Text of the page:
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Gaze toward Social Interactions in Photographs by Individuals with Autism: Implications for AAC design

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Visual Scene Displays (VSDs) are a form of display organization that involves images – often photographs – as the means to present concepts for AAC users. VSDs provide semantic support by embedding concepts within a familiar and readily-recognized context, and are thus often used with young or beginning communicators. Critical elements of VSDs include people engaged in social activities.
Autism is characterized in part by the presence of unusual behavior during social interactions, including reduced eye contact and social engagement. Given that VSDs deliberately depict images of people, engaged in social interactions, it is possible that VSDs containing humans might provoke gaze avoidance in individuals with autism.
We used eye-tracking technology to evaluate gaze of individuals with and without autism towards photographs containing humans who were either interacting or not interacting. Our preliminary study showed that individuals with autism tended to view human figures less than typically developing controls regardless of whether humans were interacting or not. However, when sizes of humans were considered, both groups viewed non-interacting humans significantly more than the interacting humans.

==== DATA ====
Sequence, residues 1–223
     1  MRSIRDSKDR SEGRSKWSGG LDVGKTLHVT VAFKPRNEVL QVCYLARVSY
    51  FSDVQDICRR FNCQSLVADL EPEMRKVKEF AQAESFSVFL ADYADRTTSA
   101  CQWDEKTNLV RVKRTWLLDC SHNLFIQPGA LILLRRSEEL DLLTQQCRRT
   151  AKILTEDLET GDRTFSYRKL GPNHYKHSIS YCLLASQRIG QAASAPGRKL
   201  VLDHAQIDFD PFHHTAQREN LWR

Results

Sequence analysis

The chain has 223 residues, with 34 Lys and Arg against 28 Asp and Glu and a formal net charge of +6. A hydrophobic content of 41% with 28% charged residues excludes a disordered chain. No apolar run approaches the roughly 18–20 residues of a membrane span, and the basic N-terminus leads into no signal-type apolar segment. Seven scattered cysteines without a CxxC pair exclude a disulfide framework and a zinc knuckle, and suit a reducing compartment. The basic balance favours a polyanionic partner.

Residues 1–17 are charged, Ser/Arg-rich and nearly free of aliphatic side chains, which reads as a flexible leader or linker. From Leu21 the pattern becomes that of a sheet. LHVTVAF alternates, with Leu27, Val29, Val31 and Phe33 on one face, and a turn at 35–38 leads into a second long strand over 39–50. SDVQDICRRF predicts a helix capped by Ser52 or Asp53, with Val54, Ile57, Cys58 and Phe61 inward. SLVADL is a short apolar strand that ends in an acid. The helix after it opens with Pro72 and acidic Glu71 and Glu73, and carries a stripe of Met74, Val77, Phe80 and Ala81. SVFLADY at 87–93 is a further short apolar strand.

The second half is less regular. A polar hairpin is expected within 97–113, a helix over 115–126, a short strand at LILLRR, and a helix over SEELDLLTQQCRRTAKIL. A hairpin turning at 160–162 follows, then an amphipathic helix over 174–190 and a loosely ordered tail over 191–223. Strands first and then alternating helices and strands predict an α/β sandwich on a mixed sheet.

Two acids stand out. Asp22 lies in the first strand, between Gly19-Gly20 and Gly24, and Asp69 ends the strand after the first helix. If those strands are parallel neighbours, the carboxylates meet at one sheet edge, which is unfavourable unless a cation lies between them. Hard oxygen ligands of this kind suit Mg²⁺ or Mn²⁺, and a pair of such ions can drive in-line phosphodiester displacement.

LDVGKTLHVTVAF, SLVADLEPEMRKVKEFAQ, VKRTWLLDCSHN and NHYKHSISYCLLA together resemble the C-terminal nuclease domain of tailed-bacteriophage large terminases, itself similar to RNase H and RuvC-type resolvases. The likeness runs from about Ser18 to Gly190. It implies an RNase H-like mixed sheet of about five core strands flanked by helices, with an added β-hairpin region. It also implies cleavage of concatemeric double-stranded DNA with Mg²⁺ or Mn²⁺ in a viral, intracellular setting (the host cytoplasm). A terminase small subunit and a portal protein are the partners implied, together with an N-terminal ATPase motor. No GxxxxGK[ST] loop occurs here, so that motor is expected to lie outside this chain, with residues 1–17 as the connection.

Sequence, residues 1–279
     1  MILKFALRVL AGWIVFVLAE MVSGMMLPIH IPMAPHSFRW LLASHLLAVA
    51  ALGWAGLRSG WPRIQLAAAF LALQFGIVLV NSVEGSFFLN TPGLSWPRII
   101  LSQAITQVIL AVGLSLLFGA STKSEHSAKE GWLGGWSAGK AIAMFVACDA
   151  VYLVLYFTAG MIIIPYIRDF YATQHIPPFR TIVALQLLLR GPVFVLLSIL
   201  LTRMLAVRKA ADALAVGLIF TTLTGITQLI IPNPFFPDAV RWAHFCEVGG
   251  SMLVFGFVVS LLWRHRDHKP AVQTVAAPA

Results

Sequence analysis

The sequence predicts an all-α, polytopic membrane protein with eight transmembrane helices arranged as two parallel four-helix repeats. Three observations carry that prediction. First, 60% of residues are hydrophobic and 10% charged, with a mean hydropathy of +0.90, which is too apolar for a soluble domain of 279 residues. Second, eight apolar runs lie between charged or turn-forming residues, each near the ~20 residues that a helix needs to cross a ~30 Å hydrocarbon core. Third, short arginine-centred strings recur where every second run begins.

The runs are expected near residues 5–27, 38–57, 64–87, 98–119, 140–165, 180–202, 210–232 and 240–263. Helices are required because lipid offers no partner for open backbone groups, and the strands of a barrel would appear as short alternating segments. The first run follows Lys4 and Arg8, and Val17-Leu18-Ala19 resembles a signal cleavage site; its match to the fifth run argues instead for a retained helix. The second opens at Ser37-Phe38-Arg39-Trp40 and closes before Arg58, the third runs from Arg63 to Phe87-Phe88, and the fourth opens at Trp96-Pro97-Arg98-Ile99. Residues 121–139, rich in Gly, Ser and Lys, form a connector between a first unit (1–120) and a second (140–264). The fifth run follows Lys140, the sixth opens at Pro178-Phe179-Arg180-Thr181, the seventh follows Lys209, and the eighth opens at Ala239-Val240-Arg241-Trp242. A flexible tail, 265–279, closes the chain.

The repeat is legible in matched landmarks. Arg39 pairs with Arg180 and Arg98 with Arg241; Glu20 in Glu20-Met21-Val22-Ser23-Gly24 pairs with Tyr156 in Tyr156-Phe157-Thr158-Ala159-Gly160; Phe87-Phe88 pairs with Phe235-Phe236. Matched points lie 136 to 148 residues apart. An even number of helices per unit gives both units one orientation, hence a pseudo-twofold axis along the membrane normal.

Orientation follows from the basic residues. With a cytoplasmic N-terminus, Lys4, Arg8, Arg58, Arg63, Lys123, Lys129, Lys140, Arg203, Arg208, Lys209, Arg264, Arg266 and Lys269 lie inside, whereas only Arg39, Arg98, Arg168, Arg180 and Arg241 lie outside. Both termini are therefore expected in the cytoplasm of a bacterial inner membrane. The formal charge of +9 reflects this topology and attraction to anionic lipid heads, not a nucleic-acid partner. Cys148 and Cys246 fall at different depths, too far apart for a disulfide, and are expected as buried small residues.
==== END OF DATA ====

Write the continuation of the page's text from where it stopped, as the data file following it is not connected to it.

A second study is underway in which factors from the first study were carefully controlled (e.g., size and number of people in the photographs). This study has also added individuals with Down syndrome, to evaluate whether atypical gaze behaviors are specific to autism. If updated data suggest aberrant gaze toward interacting humans, clinicians and manufacturers creating photograph-based AAC displays should consider the degree of social demands in photographs based on the concerns about gaze avoidance.

Author(s):

Jiali Liang    
The Pennsylvania State University
United States

Krista Wilkinson    
The Pennsylvania State University
United States

 

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